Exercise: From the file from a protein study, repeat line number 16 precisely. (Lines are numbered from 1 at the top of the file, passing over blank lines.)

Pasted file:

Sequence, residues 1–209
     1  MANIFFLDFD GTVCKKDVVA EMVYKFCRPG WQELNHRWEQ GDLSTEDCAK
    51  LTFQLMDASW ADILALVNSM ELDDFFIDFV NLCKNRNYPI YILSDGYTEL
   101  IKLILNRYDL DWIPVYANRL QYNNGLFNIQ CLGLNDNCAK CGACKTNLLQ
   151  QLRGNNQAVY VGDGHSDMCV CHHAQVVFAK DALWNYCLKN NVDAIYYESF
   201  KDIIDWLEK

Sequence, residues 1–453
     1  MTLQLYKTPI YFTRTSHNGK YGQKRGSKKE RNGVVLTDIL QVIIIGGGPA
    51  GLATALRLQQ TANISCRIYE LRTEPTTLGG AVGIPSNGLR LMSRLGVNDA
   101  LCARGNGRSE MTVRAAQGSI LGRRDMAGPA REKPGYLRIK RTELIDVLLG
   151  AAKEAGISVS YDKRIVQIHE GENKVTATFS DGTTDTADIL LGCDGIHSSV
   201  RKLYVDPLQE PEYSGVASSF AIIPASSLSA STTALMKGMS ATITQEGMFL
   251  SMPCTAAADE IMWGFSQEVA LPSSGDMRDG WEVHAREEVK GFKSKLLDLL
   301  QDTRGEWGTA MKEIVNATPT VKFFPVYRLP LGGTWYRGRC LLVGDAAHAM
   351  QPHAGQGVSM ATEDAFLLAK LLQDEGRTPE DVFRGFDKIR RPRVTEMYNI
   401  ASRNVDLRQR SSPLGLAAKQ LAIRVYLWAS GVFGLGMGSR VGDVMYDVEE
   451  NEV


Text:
   401  ASRNVDLRQR SSPLGLAAKQ LAIRVYLWAS GVFGLGMGSR VGDVMYDVEE